Julia Reinhart found career success and work-life balance as an HR leader at Valero

Workforce |  3 min. read

In this thriving industry, more women are wearing hard hats alongside their male peers. A perpetual need for skilled workers in the fuels and petrochemical industries long ago nixed the notion that these jobs are traditionally for men. But even today, as men and women work side by side to produce the energy and products that power our world, many of our nation’s women might not fully realize these high-paying careers are awaiting them.

 One way to spread the word? Share their stories. As part of an ongoing series, join us for a look at some of the women working in today’s fuels and petrochemical plants.

Why would a woman who’d served as an Assistant Attorney General (in Georgia), and a partner for a major law firm (in San Antonio), give all that up to work in the fuel and petrochemical industry?

We asked Julia Rendon Reinhart that question. Today, she works at Valero as Senior Vice President Human Resources and Administration.  But she used to be that Partner and Assistant Attorney General.

“I’d been a lawyer for more than a decade, and I liked it,” Reinhart said. “But I was a single mom, travelling and working 80 hours a week – and I just didn’t want to be that kind of parent or person.  So my move to Valero started with looking for good, interesting work with a sensible life-work balance.”

That doesn’t mean she’s not busy.  Valero is a Fortune 50 company, so her typical day involves, well, everything involving people and places across the company: benefits, compensation, employee relations, training and development, labor issues, global security and campus maintenance.  And each day, there’s a line of people waiting to talk to her about all of that and more.

“I’m not sure there is a typical career path that leads to this industry.  It’s true, I started in college as a chemical engineer. And even though that didn’t play out, I do get some ‘street cred’ with our engineers because I know what a carbon chain is.  Then, I switched to actuarial studies (which means applying math and statistics in business and finance). And finally, I ended up going to law school.”

Reinhart enjoys pretty much everything about her work these days (ok, except drawing up budgets, “Nobody likes budgeting!”). She especially likes the variety – legal matters (naturally), contract negotiations, health and wellness, diversity and inclusion, and employee fun (Family Day, Christmas Party, etc.), as well as the spirit of openness and opportunity at Valero. She herself had the opportunity to make a major career transition and do things she’d never done before — because they thought she could.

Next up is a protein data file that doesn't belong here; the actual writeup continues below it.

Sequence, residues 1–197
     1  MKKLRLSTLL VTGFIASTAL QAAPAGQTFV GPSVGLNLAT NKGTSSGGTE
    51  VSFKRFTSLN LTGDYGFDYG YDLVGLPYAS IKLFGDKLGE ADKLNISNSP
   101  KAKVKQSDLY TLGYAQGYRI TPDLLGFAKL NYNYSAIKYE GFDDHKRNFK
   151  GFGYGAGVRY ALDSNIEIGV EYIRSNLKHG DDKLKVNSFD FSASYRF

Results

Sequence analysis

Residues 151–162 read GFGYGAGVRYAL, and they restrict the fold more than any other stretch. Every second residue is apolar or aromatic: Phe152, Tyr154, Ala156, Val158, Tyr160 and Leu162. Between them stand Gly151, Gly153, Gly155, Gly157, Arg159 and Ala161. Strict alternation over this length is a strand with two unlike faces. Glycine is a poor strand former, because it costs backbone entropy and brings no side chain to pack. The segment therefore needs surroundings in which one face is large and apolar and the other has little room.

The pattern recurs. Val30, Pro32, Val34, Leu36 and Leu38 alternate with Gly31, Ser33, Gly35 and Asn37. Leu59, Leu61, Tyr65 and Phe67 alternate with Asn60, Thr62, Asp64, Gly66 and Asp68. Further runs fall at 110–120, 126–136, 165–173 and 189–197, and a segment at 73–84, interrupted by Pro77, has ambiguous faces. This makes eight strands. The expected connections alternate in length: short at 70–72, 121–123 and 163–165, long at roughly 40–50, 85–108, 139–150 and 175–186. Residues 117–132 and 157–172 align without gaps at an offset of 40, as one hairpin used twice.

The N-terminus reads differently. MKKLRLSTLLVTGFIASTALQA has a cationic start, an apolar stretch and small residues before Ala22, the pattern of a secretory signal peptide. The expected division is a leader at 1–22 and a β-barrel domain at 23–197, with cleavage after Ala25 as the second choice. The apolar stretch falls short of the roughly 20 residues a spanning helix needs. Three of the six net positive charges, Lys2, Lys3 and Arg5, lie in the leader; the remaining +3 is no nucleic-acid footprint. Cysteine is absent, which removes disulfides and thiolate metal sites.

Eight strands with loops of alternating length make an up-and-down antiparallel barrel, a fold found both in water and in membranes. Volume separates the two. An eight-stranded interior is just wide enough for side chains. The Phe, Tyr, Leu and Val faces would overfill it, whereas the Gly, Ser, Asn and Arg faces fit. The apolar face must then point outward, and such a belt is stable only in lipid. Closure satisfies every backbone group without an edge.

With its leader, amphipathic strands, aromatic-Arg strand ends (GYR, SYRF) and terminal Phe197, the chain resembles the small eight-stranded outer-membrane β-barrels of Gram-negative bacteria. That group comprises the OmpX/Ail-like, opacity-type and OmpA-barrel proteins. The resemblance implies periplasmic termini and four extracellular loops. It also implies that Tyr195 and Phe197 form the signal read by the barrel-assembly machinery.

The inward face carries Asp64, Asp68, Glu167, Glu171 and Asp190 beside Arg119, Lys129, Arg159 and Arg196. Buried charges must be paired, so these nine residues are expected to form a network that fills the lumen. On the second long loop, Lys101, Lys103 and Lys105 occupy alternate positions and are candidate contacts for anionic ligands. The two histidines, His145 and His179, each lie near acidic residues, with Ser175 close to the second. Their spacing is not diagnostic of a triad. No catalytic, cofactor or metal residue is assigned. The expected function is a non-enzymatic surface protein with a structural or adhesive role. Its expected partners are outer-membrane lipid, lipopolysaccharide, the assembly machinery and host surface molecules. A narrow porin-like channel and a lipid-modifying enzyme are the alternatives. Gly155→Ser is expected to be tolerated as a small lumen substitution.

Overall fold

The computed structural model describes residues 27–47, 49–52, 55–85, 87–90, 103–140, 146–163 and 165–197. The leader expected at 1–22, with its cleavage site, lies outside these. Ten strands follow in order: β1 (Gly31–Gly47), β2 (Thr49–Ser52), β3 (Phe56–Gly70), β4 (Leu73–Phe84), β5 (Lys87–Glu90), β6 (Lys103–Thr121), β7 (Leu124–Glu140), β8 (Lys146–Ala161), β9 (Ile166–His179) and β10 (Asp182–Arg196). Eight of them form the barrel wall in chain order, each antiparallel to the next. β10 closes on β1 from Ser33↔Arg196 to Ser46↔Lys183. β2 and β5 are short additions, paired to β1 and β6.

Is it 50-50 everywhere in Valero, and in the industry?  Candidly, Reinhart says it is not.  Not yet.   But in her 10 years at the company, she’s seen more women entering the industry and finding a place for themselves … and that place is not always where they might expect.

Yes, there are plenty of jobs for engineers, operators and maintenance workers. But there also are jobs in IT, accounting, commercial operations, wholesale, and Reinhart’s paths in HR and legal.  Her advice to any young woman who is thinking about life after college? Pretty much whatever you do, chances are there’s somebody who looks like you doing that work in this industry — even if there might be more people (today, at least) who don’t look like you. Know that, and come on in — there’s plenty of opportunity, and so much support.

Once at Valero, employees realize quickly that they are priority #1.  “We put our people first — professional development on the job, and we like to promote from within,” Reinhart said.  “We focus on health and wellness programs for our employees and their families, and our deep involvement in the communities where we do business and where our people live.  I think that’s a big part of why good people come to work at Valero, and why they stay.”

In her professional life, Reinhart has had a lot of variety, but even people who know her are surprised when they learn about her past interests and diverse athletic life.  For starters, she played volleyball and basketball in high school, and was a shot putter on her state champion track team.  She’s continued with sports in her adult life, most recently with tennis.

These days, for a change of pace, she has taken up swimming.  Now, as an adult, for the first time she can swim.  Her inspiration was a book she’d read recently, called “Do Something You Suck At.”  Swimming fit the bill.

So, when you look at the many different things Reinhart’s done, we’d say the smart bet has always been on Reinhart to swim, not sink – whatever she might be doing.


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